An earthquake of preliminary magnitude 4.4 struck today outside of Ottawa, rattling southern Ontario and Quebec, according to the U.S. Geological Survey (USGS).
The temblor's epicenter was 42 miles (67 km) miles northwest of Ottawa, the Canadian capital, and 16 miles (25km) north-northeast of Shawville, Quebec. It originated 3.1 miles (5 km) deep and struck at 9:43 a.m. local time (13:43 UTC), the USGS reports.
There were no immediate reports of damage, but residents in eastern Ontario and west Quebec felt shaking for 30 seconds, according to the CBC. The earthquake was even felt as far away as Montreal and Toronto, according to the USGS.
Earthquakes of this size tend to be felt by people in the area but typically do not cause significant damage, other than possibly broken windows and falling dishes or the toppling of unstable objects. But the damage caused by any single event depends on the quake's depth, proximity to populated areas, building standards in the region, as well as the type of earthquake. The USGS frequently updates the magnitude of an event after more data is analyzed.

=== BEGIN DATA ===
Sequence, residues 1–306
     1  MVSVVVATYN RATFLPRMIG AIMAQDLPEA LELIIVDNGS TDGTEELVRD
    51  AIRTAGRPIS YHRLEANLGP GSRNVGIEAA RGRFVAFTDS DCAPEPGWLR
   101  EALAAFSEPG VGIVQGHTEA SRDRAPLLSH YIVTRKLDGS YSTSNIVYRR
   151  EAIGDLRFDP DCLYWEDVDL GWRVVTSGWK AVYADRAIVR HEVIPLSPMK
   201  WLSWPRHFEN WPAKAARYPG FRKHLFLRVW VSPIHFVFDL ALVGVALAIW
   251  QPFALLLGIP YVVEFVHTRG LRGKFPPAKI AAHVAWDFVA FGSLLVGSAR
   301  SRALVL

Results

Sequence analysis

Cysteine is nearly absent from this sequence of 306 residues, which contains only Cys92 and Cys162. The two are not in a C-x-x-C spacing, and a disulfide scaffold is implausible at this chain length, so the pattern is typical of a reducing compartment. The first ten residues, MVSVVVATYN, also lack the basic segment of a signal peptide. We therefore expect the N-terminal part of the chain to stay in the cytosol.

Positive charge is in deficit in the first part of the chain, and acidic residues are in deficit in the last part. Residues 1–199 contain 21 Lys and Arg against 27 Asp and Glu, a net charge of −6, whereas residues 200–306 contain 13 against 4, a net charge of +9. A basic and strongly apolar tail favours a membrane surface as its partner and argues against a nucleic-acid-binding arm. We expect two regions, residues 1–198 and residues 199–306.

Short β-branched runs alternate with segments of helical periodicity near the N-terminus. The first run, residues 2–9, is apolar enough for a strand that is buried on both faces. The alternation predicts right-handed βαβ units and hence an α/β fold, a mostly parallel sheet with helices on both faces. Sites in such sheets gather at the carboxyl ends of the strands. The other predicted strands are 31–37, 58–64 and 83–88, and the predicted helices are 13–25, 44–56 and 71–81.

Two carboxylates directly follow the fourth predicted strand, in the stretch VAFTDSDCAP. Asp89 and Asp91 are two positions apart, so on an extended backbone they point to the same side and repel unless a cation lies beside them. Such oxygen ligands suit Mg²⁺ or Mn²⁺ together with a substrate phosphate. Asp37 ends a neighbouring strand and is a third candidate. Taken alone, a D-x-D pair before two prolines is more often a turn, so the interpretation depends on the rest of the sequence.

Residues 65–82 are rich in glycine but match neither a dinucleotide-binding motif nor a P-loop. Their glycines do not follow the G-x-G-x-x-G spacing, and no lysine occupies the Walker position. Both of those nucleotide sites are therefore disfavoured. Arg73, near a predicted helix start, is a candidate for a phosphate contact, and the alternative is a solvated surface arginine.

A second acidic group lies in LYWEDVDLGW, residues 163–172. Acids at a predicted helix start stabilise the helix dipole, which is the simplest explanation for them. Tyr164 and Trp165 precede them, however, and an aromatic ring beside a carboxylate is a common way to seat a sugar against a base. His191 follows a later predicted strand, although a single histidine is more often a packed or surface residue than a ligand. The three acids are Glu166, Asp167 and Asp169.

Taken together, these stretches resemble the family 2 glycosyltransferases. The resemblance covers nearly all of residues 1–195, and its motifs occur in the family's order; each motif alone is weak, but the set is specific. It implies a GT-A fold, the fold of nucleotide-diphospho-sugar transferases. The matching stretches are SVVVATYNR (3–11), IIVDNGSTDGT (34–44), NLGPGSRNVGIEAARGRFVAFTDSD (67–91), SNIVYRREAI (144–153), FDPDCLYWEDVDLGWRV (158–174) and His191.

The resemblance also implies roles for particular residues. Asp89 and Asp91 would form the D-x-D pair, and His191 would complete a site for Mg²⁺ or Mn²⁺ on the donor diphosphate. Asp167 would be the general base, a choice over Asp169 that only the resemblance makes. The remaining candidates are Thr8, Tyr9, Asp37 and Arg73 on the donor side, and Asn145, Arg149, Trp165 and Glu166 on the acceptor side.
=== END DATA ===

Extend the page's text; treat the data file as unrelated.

An earthquake's magnitude is a measure of the energy released at the source. It is just one predictor of the shaking that may ensue, which is affected by local and regional geology. Scientists know in a general sense what causes Earthquakes but are unable to predict specific quakes.
This article will be updated if significant additional information becomes available. Find more earthquake news here.